Image types and their compression: 2. png


This post is a continuation from my previous post – so please refer to the chapter about jpegs for an introduction.

2. png image

The Portable Network Graphic [Wiki link] is probably the flavour of the decade, if not much longer into the future. Most web developers love them for their capacity to achieve impressive compression results without any loss of quality – or so everybody claims… This is actually not entirely true! But:

png files will compress any vector based image much better than any other format suitable for internet publication! If you want to publish a photo with a lot of detail you are still better off saving it in its native jpg format. Unless you are a professional photographer, and you can afford the bandwidth, it doesn’t make much sense to save a photo as png – the resulting file size could be easily up to 10x as large.

Another constraint, you might encounter, is that many graphics programmes are fairly limited in their support of the png format; they will save in the png file format, but often don’t offer full support for all the features listed below.

All this said png files offer some amazing advantages over any other image file format:

  • png will compress all drawings, banners, buttons, and other vector based graphics much better than any other format,
  • png files are compressed with no loss of information,
  • you can set transparency to any colour in a png file (see samples below)
  • the png format offers full colour support of up to 48 bits per pixel,
  • a png file can also store an alpha value for each pixel, which specifies the degree to which the colour of that pixel is blended with the background colour,
  • png files can contain gamma correction and colour correction information so that the images can be accurately rendered on a variety of displays,
  • you can easily resize a png image without visible distortion (more about this use later).

The png format was actually developed with the intend to replace the gif format (my next chapter) – let’s see the differences:

button in png format

png file

button as jpg

jpg file

button gif file

gif file

animated button

gif animated

button png resized

png resized to 25%

button gif resized

gif resized to 25%

O.k., the first thing you will notice is that the background of the jpg is grey; that’s because grey was the background colour of the original image, with a jpg you cannot assign any transparency. With both, gif files and png files, you can set a transparency, like in this case where I made the background transparent because I want to place the image on a white page (the same would work with any other page colour). This is also a great feature if you want to change the colour scheme of your web site and keep using the same irregular shaped images (like bullets and icons): they will display exactly the same on your new background colour.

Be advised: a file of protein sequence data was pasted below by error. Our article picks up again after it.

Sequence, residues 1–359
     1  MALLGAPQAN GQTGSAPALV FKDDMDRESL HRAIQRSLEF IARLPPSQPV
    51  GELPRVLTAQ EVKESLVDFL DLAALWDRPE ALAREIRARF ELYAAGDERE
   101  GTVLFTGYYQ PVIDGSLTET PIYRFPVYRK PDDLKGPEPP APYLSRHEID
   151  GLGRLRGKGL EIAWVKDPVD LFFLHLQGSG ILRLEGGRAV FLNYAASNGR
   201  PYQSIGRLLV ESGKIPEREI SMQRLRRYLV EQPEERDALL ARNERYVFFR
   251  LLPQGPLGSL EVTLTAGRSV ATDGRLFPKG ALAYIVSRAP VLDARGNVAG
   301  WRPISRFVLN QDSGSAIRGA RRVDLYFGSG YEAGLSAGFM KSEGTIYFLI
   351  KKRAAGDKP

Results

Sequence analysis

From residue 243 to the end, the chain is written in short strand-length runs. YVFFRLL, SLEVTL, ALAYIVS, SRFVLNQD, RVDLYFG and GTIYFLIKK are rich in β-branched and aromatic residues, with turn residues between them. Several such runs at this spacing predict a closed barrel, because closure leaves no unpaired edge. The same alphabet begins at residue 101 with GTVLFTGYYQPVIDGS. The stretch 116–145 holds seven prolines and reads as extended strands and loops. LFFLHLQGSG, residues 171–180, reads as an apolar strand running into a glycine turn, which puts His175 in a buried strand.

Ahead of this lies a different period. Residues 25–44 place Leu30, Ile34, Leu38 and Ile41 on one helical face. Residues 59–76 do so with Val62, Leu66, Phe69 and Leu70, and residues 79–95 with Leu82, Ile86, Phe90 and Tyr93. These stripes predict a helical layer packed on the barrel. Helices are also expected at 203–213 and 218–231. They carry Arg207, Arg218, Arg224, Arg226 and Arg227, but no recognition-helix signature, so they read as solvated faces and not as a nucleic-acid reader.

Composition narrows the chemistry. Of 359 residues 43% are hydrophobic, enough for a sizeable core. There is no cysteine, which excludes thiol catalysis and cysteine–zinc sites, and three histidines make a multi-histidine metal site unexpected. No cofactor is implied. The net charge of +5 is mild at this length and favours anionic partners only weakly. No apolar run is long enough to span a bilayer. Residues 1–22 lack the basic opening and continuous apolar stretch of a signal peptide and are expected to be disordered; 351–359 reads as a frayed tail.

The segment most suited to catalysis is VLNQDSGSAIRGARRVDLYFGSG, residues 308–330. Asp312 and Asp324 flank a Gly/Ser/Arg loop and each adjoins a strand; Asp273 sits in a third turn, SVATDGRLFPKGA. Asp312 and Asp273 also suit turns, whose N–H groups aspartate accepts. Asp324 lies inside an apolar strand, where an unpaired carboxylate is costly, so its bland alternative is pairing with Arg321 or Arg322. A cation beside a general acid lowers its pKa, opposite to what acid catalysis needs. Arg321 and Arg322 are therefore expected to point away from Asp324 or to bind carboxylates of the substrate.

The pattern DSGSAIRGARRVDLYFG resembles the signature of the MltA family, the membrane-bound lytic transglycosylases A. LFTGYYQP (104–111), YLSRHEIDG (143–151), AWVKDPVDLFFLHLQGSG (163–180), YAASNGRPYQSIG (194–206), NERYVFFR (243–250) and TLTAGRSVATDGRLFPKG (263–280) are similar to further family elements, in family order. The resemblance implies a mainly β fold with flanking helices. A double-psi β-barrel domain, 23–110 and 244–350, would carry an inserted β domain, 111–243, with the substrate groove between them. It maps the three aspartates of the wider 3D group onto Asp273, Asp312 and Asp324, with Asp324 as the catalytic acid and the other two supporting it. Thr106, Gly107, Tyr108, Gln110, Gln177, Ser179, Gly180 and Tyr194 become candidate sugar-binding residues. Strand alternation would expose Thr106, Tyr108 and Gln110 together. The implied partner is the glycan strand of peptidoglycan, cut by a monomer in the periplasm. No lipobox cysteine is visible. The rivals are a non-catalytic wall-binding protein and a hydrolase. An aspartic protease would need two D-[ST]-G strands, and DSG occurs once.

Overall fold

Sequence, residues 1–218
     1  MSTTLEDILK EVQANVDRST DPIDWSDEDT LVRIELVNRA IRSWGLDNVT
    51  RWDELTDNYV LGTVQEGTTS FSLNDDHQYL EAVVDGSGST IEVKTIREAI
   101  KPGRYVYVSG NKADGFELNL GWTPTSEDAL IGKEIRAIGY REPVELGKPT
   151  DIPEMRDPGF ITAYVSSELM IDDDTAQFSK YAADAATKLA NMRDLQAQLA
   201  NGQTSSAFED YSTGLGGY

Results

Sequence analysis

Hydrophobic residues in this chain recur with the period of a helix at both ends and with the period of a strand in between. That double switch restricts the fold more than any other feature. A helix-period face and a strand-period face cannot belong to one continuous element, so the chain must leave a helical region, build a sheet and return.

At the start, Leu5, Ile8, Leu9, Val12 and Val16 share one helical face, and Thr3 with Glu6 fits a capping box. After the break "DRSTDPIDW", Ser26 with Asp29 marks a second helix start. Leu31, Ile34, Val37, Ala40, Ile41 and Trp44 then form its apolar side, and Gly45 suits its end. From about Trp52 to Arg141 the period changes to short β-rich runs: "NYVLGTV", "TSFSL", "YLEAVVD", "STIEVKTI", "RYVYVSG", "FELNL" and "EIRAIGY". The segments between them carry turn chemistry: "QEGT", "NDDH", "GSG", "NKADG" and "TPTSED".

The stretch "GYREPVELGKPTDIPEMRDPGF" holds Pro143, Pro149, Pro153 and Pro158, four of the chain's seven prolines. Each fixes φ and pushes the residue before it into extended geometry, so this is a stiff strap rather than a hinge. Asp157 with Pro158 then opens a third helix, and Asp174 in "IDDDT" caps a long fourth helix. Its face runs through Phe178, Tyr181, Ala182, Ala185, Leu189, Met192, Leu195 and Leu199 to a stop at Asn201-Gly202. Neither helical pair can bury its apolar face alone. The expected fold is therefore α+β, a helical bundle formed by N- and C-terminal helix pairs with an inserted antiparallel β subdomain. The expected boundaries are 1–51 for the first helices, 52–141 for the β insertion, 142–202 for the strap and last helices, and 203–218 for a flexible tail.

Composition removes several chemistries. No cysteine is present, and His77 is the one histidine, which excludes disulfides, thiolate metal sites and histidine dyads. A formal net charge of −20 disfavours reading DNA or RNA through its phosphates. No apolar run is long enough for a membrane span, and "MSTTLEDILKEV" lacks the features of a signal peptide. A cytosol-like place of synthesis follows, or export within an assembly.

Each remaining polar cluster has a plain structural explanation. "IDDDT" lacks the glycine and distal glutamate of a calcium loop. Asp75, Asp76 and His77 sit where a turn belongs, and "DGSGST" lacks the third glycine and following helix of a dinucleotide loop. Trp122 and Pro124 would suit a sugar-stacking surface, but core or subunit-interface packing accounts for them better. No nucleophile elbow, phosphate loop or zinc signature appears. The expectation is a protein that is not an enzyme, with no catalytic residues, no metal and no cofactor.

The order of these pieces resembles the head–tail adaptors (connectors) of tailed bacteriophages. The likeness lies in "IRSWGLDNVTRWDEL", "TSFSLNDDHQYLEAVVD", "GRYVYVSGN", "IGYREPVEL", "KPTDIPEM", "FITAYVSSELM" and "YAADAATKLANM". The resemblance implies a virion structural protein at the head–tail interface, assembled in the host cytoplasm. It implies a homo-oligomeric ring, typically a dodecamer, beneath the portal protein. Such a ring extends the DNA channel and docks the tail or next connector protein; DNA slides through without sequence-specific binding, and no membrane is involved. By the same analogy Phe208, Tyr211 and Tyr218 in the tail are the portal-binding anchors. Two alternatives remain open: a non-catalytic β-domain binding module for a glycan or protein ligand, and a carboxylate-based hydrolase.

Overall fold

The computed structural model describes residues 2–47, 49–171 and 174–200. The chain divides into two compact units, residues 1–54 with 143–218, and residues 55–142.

The other thing you might notice is that one of the gif images is blinking; that’s because I have animated this image (more about the process in my next chapter about gif files). What you might not notice with this button image is, that gif files are limited to 256 colours (8 bit colours). That wasn’t a problem in the days when they were first developed, because back then no computer monitor could show any more colours. Now most of us probably have our monitors set to 32 bit colour, or even 64 bit, in order to have the full spectrum when we view our photos or movies.

The final thing you will notice is that at the end of the row I have added 2 pictures at 25% of their size. Now I believe I have told you before that you should not resize images in the browser, but always make them to the size you intend to display on your web page – this statement is still true because for example a photo at around 2800 x 2100 pixels (roughly the size a mid quality digital camera produces) is ± 2,000 kilobytes (or 2 mb) in file size, the same photo resized and slightly compressed at 800 x 600 pixels will be most likely around 100 kilobytes = it will load much faster and save you bandwidth (for which you might have to pay your host).

So why did I resize these 2 images? Am I crazy? Not quite… You see, with a small element, which you might want to repeat on several of your pages, it is a different story: once you have displayed it the first time the visitor’s browser has downloaded this file and cached [Wiki link] it in its memory. The next time you show the same image, in its original size or resized, the user’s browser doesn’t have to reload this image another time – it doesn’t take any time and doesn’t use any extra bandwidth. For bullets and icons this is a perfect solution, because you can even resize a repeat image in another location on your pages. png files are very easy to resize, providing you keep the aspect ratios the same (eg. a 100×40 pixel image resized to 50×20, not 60×20 pixels!), and don’t show distortions if you do so (compare with the ‘E’ in the gif)!

To summarise:

1. png compression is free of any loss of information. You can also resize your png without distortions.

2. png is a great format for vector based images, like drawings, buttons, etc. It’s not such a good format for photos.

3. you can set many different values when saving your png, one of the most important is transparency, so that you can place images with a rounded or irregular outline (like icons) on any page background.

Next time I will write about gif files, and later I will add a side-by-side comparison of the 3 formats.

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